Earth Imaging Journal: Remote Sensing, Satellite Images, Satellite Imagery
Breaking News
Esri Partners Honored at Esri FedGIS Conference for Excellence in Location Intelligence
REDLANDS, Calif.—March 20, 2018—Esri, the global leader in spatial...
EOS Launched New Product
Menlo Park, CA — Earth Observing System (EOS), a...
Omron Microscan to Showcase Wide-Ranging Solutions Portfolio at the Vision Show
RENTON, WA, March 20, 2018 – The quest for...
2G Robotics Releases NOVA LED Panel at Oceanology International 2018
LONDON, UK – 2G Robotics, a global leader in...
EagleView Celebrates 1,500th Country Government Customer
Bothell, Wash. – Eagle View Technologies (“EagleView®”), the leading...

Astronaut Luca Parmitano is shown here with his camera inside the cupola on the International Space Station.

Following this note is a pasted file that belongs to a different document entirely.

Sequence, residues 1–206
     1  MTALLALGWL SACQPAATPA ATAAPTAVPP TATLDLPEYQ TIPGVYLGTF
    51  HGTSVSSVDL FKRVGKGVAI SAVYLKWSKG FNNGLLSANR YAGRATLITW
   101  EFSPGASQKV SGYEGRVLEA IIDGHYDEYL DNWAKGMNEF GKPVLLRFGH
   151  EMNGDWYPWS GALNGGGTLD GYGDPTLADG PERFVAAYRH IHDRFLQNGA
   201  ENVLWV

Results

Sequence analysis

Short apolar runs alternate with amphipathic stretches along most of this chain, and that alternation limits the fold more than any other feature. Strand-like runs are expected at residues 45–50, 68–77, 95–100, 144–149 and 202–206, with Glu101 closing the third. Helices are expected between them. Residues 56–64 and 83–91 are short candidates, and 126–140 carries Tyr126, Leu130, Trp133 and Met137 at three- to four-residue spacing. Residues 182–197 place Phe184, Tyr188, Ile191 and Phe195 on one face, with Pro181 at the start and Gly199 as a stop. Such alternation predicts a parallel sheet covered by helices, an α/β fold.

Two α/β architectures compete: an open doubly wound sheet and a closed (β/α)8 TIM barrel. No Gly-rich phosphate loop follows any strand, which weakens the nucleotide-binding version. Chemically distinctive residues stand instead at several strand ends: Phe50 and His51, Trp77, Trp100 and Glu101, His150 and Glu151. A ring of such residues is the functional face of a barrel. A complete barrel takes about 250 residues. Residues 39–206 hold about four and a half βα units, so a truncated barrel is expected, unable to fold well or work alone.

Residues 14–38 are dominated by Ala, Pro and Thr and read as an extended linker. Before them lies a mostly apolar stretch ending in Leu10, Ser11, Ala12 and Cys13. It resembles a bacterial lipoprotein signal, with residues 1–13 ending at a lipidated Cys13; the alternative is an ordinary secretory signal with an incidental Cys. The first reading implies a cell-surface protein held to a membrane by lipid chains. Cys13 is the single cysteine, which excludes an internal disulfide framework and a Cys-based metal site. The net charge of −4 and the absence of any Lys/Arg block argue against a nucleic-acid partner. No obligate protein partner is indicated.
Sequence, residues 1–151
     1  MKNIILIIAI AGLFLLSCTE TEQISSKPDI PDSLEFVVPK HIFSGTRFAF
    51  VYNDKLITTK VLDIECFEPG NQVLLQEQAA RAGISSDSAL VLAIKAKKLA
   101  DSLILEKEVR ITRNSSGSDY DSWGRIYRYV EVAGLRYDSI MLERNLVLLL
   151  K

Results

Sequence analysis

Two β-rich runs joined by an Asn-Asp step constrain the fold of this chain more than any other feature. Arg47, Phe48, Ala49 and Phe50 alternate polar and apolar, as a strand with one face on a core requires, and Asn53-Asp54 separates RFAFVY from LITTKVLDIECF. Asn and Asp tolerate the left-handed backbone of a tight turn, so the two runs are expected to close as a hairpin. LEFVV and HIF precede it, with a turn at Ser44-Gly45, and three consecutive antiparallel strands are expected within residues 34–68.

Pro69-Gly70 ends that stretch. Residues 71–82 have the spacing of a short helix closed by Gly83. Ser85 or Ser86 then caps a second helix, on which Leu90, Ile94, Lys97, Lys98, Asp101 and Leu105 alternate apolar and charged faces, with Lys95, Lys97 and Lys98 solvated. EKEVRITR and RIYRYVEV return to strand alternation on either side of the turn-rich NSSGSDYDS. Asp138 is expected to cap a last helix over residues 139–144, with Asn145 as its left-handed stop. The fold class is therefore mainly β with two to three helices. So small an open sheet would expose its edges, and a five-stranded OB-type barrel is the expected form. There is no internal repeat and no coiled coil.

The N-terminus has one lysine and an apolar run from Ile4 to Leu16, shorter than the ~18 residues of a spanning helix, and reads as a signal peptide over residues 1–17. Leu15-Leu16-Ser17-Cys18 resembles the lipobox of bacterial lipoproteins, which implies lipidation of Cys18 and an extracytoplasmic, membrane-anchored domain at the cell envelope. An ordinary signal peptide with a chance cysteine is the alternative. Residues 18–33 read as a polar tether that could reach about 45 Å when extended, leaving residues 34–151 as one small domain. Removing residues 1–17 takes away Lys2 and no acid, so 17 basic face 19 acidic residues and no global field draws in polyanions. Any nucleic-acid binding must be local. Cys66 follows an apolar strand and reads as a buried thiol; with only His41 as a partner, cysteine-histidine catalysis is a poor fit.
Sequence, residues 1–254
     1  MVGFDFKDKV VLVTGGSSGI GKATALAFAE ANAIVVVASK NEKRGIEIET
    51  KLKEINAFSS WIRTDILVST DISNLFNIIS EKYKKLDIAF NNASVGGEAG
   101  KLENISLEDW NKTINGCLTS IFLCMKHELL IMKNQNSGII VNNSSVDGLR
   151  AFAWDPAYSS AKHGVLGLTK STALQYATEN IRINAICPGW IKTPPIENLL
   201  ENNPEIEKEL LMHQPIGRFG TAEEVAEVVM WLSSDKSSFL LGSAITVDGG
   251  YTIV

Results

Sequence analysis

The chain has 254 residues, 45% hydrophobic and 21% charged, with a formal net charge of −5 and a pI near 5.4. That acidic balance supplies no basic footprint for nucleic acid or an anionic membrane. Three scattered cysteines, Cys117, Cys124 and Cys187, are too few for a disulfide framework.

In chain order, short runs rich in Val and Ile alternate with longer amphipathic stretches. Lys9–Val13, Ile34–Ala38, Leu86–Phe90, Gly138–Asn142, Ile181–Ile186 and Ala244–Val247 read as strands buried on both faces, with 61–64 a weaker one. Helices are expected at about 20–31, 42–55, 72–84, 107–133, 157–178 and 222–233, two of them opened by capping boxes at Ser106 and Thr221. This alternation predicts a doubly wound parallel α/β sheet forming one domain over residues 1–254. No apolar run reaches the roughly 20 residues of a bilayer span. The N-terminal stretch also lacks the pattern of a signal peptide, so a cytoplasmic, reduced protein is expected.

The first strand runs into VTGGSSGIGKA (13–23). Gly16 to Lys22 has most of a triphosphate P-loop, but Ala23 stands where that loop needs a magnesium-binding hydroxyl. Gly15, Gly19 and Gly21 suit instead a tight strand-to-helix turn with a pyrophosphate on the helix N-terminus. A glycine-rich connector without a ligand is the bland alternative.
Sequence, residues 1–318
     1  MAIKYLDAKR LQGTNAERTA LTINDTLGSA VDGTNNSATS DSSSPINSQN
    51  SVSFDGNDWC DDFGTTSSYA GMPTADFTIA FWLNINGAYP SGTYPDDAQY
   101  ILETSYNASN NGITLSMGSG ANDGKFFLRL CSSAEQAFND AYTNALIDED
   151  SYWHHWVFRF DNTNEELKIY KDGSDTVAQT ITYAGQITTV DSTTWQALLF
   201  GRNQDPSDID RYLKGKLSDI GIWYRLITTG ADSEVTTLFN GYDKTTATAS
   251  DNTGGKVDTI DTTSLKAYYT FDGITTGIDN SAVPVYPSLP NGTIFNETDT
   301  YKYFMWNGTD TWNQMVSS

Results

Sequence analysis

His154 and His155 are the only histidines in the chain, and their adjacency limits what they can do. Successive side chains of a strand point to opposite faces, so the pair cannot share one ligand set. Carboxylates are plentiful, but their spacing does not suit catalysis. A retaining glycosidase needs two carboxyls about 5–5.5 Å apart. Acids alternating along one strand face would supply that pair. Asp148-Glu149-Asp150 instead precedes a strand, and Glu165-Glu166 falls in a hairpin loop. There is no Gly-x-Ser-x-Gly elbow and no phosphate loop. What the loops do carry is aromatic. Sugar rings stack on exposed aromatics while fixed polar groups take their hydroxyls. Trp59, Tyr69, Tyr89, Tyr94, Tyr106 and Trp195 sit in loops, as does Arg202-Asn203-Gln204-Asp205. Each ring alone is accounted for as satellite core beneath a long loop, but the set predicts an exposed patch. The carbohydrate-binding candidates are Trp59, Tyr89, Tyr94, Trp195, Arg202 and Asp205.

More than 230 miles above Earth, aboard the International Space Station, is a seven-window observatory module called the Cupola—the largest window in space.

That's where Italian astronaut Luca Parmitano spends time taking photos of Earth. From the cupola, Parmitano photographs the abstract patterns of the planet below: remnants of a meteor impact crater in Africa, threads of wild green rivers in the Andes and calculated intersections of a North American city.

Of all the things he's photographed, Parmitano says the most surprising thing he's seen is a rare weather phenomenon called noctilucent clouds.

"They look incredibly ethereal and fragile," he writes. "Pictures only convey a dim view of their beauty."

Image courtesy of ESA/NASA.

Read the full story.

Comments are closed.